The super colt won 13 times from only 18 starts including the 1983 Golden Slipper. He’s best remembered for a blazing sequence of wins as a spring three year old. He won the
San Domenico, the Up And Coming, the Peter Pan, the Gloaming and the Spring Champion Stakes before Beechcraft halted his run in the Caulfield Guineas. Next prep he added the Expressway Stakes, the Hobartville and the Canterbury Stakes to his brilliant record, before retiring to stud at the end of his three year old campaign.
Les easily reverted to the art of training stayers when Kensei arrived at his stables. The son of Blarney Kiss never won under 1800 metres, and was absolutely flying when the 1987 Melbourne Cup rolled around. With only 51.5 kgs, he dropped 3 kgs on the weight he carried when an unlucky second to Balciano in the Metropolitan a month earlier.
All he needed was a “gun” ride from Larry Olsen, and that’s exactly what he got. Saving ground everywhere he went, Larry secured a rails run to hit the front 100 metres out, before going on to beat Empire Rose and Rosedale. The gentle, lovable gelding had taken jockey and trainer to racing’s most hallowed place.
Les won three Group 1 races with that skinny little dynamo Drawn, a Doncaster with Row Of Waves, and later Utzon and Avoid Lightning won a swag of races between them. Utzon ran fourth in a Doncaster, on a soft track and to this day Jim Cassidy declares, that was the one that got away. “He drew barrier 1, and couldn’t get off the fence which was the worst place to be on the day”, said Les. “Jim was adamant he would have won drawn five or six”.
But of all his favourites, none tugged his heart strings more than the brilliant but ill-fated Hot Danish. “She ticked every box but one”, recalled the trainer. “She was a beautiful looking mare, with a faultless attitude, and a magical turn of speed, but she could not go on a rain affected track. She simply couldn’t let down the way she did on firm ground. She looked a big hope coming over the rise in two Doncasters, but scrambled when asked to extend on soft ground”.
Despite her aversion to wet tracks, the wonderful mare had a record of 31 (16-7-2) for over $2.3 million). She won a Gr 1 All Aged Stakes and a Gr 1 Doomben $10,000, even though the Doomben track was “off” on the day.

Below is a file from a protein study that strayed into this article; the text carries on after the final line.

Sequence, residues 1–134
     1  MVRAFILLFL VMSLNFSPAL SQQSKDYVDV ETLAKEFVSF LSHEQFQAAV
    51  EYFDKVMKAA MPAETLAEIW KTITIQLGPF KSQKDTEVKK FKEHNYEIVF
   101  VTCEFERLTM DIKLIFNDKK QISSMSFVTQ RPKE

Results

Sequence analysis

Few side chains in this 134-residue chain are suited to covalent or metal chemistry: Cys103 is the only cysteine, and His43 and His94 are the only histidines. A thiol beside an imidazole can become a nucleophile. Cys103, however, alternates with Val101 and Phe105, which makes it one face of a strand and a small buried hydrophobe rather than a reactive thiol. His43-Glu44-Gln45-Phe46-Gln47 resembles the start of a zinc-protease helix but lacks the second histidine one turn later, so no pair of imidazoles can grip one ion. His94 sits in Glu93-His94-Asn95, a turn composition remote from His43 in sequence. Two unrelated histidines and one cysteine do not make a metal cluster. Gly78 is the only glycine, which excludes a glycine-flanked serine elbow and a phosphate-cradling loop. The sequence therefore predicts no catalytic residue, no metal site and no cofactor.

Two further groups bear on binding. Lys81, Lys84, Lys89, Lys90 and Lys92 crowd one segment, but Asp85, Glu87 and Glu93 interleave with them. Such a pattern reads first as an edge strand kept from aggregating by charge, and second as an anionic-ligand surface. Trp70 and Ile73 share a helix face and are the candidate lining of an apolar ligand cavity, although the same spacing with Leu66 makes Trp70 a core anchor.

Les, and the mare’s many owners were devastated when she was unable to get over a massive leg infection which took her life in 2011. “An unforgettable mare whose record should be better than it was .She was very special”, mused the trainer.
Hot Danish was ridden in fourteen of her sixteen wins by Tim Clark, almost certainly Les Bridge’s favourite jockey of the current era. “He’s totally unflappable, and is just as relaxed in a Group 1 as he is in a Gosford Maiden”, said Les.
The trainer has had great working relationships with several jockeys over the years. Way back to riders like Ray Selkrig and Jack Thompson, and in more recent history Ron Quinton, Larry Olsen, Mark De Montfort, Craig Carmody, Jim Cassidy and Gavan Duffy.
Les suffered the most devastating blow of his life four years ago, when he lost his much loved wife Peggy to cancer. He has had loving support from daughter Lesley, son Jason and two grandchildren.
Despite his 73 years, Les has never contemplated retirement. His precious South Sydney Rabbitohs have given him a few thrills this season, and his golf game is respectable, although he says it takes him a few holes to warm up.
Les lost both his parents in recent years at remarkable ages. Les Snr at 93, and Lena at 94. “Young” Les is hoping for similar longevity, and the physical capacity to keep doing what he’s been doing for more than sixty years. “As long as I can keep getting out of the cot, and turning up at the stables, I’ll be content”, says the respected trainer. “I’ve got room for eighteen horses at Randwick, and that’s the perfect number for a bloke of my vintage”.
When asked to nominate a couple of others among his eighteen horses that might win a race or two, he quickly mentioned the mares Slow Burn and Seasons.
But Tip Top’s the one he expects to improve beyond normal range. Les has been studying the Choisir gelding’s every move for a long time now, probably seeing something that others don’t. I’m reminded of the marvellous adage credited to Benjamin Franklin. “The eye of the master will do more work than both his hands”.